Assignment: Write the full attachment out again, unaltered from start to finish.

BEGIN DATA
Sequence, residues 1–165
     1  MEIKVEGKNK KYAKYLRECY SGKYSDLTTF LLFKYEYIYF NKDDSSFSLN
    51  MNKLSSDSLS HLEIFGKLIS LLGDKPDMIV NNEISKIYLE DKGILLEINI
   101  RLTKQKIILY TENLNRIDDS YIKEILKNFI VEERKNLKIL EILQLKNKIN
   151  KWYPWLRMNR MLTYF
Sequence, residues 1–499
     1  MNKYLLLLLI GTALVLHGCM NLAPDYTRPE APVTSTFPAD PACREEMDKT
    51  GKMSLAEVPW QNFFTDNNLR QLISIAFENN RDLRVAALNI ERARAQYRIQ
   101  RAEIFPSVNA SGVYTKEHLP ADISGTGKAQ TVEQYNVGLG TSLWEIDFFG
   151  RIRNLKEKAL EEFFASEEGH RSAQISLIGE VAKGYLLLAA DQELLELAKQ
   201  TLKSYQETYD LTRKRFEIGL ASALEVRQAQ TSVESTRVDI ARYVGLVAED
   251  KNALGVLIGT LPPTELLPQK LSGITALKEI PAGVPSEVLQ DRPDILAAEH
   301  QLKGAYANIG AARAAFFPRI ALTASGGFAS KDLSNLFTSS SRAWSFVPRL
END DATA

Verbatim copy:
Sequence, residues 1–165
     1  MEIKVEGKNK KYAKYLRECY SGKYSDLTTF LLFKYEYIYF NKDDSSFSLN
    51  MNKLSSDSLS HLEIFGKLIS LLGDKPDMIV NNEISKIYLE DKGILLEINI
   101  RLTKQKIILY TENLNRIDDS YIKEILKNFI VEERKNLKIL EILQLKNKIN
   151  KWYPWLRMNR MLTYF
Sequence, residues 1–499
     1  MNKYLLLLLI GTALVLHGCM NLAPDYTRPE APVTSTFPAD PACREEMDKT
    51  GKMSLAEVPW QNFFTDNNLR QLISIAFENN RDLRVAALNI ERARAQYRIQ
   101  RAEIFPSVNA SGVYTKEHLP ADISGTGKAQ TVEQYNVGLG TSLWEIDFFG
   151  RIRNLKEKAL EEFFASEEGH RSAQISLIGE VAKGYLLLAA DQELLELAKQ
   201  TLKSYQETYD LTRKRFEIGL ASALEVRQAQ TSVESTRVDI ARYVGLVAED
   251  KNALGVLIGT LPPTELLPQK LSGITALKEI PAGVPSEVLQ DRPDILAAEH
   301  QLKGAYANIG AARAAFFPRI ALTASGGFAS KDLSNLFTSS SRAWSFVPRL